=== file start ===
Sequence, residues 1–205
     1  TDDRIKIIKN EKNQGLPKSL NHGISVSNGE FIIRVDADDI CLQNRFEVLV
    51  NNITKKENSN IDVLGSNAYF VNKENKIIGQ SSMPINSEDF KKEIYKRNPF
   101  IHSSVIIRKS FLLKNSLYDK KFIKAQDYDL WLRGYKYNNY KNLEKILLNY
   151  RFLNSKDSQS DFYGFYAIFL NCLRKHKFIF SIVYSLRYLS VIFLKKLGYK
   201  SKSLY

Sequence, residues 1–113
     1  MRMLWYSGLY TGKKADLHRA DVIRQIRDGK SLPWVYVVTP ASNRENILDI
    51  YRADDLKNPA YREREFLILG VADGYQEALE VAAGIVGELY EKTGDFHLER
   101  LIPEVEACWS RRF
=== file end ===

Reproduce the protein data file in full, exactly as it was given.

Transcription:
Sequence, residues 1–205
     1  TDDRIKIIKN EKNQGLPKSL NHGISVSNGE FIIRVDADDI CLQNRFEVLV
    51  NNITKKENSN IDVLGSNAYF VNKENKIIGQ SSMPINSEDF KKEIYKRNPF
   101  IHSSVIIRKS FLLKNSLYDK KFIKAQDYDL WLRGYKYNNY KNLEKILLNY
   151  RFLNSKDSQS DFYGFYAIFL NCLRKHKFIF SIVYSLRYLS VIFLKKLGYK
   201  SKSLY

Sequence, residues 1–113
     1  MRMLWYSGLY TGKKADLHRA DVIRQIRDGK SLPWVYVVTP ASNRENILDI
    51  YRADDLKNPA YREREFLILG VADGYQEALE VAAGIVGELY EKTGDFHLER
   101  LIPEVEACWS RRF